Although you can see changes in the frontal view, these changes are usually more subtle when compared to the profile view. One can appreciate these changes better using 3D imaging versus conventional photography. A good way to test how you would look, other than using computer simulation, would be to try using fillers. Fillers will augment the chin and provide you with a temporary result.
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Combination rhinoplasty and chin implant
Chin augmentation is an excellent procedure...
Chin augmentation is an excellent way to balance your facial features. It is an easy procedure that can be done under local anesthesia, while a sliding genioplasty is more involved and slightly more risky. The chin implant should only minimally change your front view unless you are trying to lengthen the vertical height of the chin, which the genioplasty can do a little more effectively. Niether procedure should affect your facial motion. Most people simply need more projection and the implant is definitely my preferred procedure for that. It is normal to have concerns about implants, but infection is rare and they essentially become part of the body after they become encased in collagen. The implant is placed over your existing bone structure of your lower jaw to increase dimensions and will produce an excellent result. If you are still having concerns about the procedure, please speak with your surgeon, and he/she will help you resolve any questions.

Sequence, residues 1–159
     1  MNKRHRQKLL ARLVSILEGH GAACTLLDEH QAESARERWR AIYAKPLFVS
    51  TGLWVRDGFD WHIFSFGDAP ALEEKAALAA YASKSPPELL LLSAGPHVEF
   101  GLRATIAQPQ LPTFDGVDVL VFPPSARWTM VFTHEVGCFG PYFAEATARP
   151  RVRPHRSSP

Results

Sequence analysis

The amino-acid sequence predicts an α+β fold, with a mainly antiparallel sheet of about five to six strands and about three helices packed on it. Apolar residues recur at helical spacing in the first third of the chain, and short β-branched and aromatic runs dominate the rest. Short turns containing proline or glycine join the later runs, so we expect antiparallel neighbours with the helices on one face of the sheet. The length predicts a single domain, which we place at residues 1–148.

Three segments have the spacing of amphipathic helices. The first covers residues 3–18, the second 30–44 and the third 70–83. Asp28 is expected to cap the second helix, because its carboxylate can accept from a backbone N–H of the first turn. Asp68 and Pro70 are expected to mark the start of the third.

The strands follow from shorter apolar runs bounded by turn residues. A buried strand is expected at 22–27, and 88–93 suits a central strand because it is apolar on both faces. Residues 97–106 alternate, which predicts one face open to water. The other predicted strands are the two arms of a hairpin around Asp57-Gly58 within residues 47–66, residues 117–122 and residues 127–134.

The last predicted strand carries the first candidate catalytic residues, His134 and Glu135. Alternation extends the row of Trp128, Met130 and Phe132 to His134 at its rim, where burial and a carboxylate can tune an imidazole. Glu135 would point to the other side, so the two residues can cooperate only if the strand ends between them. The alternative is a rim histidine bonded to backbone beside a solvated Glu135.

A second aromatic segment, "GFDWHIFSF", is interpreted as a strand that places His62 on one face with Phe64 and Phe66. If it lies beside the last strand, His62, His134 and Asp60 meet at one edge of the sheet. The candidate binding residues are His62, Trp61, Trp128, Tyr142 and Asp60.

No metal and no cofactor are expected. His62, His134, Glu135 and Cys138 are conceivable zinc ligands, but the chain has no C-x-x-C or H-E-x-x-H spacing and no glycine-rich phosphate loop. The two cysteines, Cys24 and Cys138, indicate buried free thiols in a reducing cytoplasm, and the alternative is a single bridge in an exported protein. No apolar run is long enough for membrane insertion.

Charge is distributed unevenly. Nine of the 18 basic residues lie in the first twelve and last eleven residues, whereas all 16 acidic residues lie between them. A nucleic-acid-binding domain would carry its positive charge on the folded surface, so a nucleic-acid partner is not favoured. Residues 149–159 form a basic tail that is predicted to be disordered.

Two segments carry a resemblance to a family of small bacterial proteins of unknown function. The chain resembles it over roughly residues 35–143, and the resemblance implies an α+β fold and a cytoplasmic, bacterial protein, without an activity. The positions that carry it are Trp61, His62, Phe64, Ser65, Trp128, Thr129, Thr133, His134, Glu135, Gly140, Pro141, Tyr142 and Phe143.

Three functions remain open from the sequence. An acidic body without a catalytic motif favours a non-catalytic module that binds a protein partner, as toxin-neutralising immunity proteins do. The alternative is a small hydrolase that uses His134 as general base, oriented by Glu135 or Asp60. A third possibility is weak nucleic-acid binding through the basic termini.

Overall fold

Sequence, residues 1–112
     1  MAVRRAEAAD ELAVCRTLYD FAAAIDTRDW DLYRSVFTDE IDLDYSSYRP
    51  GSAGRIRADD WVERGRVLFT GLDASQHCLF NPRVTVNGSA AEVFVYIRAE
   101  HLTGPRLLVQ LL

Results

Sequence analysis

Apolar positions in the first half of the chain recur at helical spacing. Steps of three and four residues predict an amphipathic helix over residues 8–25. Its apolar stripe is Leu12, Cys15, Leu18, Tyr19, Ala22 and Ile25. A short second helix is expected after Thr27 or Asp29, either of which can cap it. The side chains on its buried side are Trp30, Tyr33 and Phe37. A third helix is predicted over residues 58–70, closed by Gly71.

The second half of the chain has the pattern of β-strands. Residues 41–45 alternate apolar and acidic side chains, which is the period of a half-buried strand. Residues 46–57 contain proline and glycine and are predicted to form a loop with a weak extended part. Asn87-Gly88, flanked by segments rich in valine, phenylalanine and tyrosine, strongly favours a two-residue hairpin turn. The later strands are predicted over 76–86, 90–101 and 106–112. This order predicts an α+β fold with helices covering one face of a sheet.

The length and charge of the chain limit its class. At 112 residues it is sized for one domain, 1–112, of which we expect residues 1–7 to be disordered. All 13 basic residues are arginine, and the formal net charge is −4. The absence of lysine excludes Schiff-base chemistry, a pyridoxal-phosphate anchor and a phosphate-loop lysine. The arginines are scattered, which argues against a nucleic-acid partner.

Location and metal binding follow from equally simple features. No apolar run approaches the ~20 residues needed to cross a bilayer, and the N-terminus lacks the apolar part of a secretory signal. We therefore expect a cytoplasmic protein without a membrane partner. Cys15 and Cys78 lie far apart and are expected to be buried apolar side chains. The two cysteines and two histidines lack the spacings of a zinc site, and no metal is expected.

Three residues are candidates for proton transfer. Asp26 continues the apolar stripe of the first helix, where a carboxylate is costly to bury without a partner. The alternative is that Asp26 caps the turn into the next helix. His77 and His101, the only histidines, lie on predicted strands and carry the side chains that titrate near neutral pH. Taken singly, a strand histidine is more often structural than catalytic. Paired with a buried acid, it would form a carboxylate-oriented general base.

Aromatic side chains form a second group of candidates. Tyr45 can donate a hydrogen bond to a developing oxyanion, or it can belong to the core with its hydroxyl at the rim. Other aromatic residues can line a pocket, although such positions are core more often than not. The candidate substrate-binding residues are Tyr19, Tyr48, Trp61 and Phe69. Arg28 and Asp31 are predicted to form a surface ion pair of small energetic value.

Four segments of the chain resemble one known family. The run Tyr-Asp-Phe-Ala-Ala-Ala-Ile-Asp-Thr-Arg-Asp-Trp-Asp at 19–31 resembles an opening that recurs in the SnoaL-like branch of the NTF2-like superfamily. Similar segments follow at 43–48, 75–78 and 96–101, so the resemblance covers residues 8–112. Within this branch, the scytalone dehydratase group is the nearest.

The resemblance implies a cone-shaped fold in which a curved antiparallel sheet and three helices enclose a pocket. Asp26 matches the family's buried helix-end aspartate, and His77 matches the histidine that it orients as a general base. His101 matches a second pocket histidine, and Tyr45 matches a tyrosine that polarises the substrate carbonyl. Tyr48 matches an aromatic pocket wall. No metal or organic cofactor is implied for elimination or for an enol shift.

Chin surgery considerations
There are several options for improving your chin projection. Temporary fillers would allow you to test the look out. Computer imaging would allow you and your surgeon to get an accurate idea of what result to plan for. The frontal view doesn't change much after a chin augmentation, especially when done conservatively. You may notice a little more fullness to the area on either side of the chin itself (prejowl area). Patients with an under-developed chin often have some underdevelopment here as well and can benefit from this fullness. Those that wouldn't benefit from this prejowl component can have the augmentation customized accordingly.